“Well, obviously, the investigation brought things to light, but most things in the report were publicly known,” Ascol said. “What made it so impactful was putting it together in one place so you could hear all the stories.
“There were a few things in the report that I had not known about previously, but the rest of it was public record. We need to deal with it. That is part of the bad culture that I’m talking about. We have a bad culture that can do those things and cover up those things and feel like that is the best path forward. That is just indicative of deeper problems.
“Those things have happened in a context that is much deeper and much more serious than anything that we’ve come to grips with. It is not going to be fixed by programs or a task force or new committees; it’s only going to be fixed by God coming and humbling us deeply and bringing about real repentance.”
“I’m glad that things that were covered up come into the light,” said Matt Mason, Senior Pastor of the Church at Brook Hills.
On the final day of the annual meeting, the convention overwhelmingly approved two sex abuse-related resolutions. One apologized for “the harm our actions and inactions have caused to survivors of sexual abuse,” and for not heeding survivors’ warnings. The other called for all states to criminalize sexual relationships between pastors and those in their care.
Some in the SBC believe they have seen a liberal drift in the SBC and Southern Baptist Seminaries. For that reason, many saw the upcoming election as a way of halting the suspected drift.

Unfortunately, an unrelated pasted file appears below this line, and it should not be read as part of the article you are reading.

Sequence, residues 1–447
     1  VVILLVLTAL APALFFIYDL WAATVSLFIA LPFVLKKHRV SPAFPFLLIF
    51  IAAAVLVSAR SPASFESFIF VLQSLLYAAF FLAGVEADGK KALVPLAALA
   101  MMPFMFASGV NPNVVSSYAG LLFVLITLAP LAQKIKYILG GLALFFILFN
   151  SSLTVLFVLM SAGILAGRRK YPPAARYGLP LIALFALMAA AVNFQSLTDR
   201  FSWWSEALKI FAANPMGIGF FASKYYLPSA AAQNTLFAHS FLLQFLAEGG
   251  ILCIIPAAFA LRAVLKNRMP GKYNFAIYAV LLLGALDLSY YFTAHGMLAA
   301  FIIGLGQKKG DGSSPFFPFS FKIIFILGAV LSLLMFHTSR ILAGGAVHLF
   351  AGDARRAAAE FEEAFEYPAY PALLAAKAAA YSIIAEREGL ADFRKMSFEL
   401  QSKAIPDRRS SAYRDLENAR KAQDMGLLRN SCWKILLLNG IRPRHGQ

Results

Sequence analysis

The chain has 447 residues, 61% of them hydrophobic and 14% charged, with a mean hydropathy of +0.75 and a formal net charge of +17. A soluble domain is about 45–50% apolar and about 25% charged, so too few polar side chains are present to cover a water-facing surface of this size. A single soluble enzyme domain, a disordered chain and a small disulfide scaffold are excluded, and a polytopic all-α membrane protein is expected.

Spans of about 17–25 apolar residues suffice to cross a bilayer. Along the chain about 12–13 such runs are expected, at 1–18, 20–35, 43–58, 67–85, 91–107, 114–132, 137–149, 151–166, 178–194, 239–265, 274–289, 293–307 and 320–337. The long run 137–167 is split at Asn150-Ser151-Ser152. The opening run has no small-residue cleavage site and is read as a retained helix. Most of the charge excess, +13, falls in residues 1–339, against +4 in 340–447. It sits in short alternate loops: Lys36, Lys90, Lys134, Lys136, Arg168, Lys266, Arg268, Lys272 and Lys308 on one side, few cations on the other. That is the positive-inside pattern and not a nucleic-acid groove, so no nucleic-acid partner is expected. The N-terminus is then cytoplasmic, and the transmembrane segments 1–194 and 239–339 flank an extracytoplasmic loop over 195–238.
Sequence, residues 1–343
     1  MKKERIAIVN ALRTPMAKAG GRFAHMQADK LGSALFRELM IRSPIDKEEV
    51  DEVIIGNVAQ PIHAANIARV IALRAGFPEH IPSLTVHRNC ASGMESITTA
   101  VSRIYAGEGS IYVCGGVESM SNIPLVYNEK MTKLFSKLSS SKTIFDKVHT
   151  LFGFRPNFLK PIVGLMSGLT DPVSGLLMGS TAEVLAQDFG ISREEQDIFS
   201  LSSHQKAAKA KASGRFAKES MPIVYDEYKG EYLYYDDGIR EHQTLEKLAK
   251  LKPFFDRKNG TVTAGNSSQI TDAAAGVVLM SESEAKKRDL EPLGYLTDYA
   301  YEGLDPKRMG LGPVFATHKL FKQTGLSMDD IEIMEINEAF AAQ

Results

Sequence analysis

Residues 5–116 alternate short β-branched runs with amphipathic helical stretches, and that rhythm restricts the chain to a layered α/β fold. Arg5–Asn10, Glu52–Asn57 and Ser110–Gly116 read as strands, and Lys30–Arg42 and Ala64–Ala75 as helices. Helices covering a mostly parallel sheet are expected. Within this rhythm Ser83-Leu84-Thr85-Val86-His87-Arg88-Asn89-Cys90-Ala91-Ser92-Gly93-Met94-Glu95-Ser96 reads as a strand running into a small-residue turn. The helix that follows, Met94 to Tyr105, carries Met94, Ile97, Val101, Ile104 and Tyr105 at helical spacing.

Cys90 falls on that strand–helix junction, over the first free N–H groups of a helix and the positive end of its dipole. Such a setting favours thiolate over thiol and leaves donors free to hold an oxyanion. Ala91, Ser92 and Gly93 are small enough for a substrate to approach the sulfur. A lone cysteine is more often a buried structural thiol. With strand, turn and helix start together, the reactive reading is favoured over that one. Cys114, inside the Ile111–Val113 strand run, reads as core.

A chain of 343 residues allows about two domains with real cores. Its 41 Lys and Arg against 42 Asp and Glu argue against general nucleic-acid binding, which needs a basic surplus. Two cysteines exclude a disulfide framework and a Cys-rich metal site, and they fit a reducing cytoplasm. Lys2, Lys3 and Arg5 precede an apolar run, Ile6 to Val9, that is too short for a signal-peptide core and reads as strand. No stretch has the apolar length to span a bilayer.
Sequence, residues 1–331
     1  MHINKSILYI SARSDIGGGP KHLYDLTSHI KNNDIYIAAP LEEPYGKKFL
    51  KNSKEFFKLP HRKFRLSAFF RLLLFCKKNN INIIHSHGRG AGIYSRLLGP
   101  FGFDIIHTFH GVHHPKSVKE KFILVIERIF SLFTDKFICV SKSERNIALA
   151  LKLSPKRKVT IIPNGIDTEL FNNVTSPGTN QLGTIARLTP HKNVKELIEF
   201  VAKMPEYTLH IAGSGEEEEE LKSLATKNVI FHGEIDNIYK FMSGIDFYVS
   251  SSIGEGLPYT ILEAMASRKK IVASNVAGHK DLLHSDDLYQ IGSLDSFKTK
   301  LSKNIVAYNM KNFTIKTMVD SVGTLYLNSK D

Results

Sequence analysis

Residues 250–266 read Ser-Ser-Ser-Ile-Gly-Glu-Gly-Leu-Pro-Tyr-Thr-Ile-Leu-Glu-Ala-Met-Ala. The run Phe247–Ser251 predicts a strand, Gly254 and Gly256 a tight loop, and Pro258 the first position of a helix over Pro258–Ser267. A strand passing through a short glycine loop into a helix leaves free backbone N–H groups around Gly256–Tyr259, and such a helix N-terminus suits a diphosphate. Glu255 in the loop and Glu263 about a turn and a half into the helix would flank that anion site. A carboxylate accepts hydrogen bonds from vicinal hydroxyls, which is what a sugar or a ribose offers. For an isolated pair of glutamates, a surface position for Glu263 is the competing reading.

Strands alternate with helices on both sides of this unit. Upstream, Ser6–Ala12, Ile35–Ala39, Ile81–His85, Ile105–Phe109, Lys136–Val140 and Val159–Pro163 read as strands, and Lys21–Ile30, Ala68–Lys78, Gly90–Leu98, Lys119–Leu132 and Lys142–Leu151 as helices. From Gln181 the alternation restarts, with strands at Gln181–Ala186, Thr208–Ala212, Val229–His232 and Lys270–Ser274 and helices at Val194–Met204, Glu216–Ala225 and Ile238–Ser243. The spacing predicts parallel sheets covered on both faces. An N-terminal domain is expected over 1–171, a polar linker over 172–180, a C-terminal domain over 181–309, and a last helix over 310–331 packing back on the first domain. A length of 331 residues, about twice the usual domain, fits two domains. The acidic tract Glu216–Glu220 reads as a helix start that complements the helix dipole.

Many of the more conservative Southern Baptists found themselves disappointed in the outcome of the convention and the election, leaving them feeling disillusioned.
Ascol said he had received several calls from pastors who were disheartened by the convention, wondering if they should leave the SBC.
“My counsel to everybody is ‘don’t make any decisions right now, give yourself a couple of months, evaluate, and decide what is the best expenditure of your time and resources.' The SBC has a lot of wonderful things about it, and I would like to see those things harnessed and become even better, and I’d love to see the bad things rooted out.”
Mason thinks that some in the convention are far too quick to apply the liberal accusation.
“There’s a lot of labels being thrown about people drifting towards theological liberalism,” Mason said. "Some of the people that I know that are on the receiving end of that kind of language; they’re just not. It’s not true.”
While Ascol has developed a reputation for being among the more strident critics of the SBC, he said he still has a continued faith in the institution and a desire to see it thrive.
“If you’re going to stay in the SBC, then stay to try to make it better. And if you are not willing to do the hard work, which is going to involve some very pointed, energetic, confrontational types of relationships, then you probably shouldn’t stay in," Ascol said. "You’d just be frustrated if you have these concerns, and you’re not trying to directly, pointedly address them in the way that our Baptist polity allows.”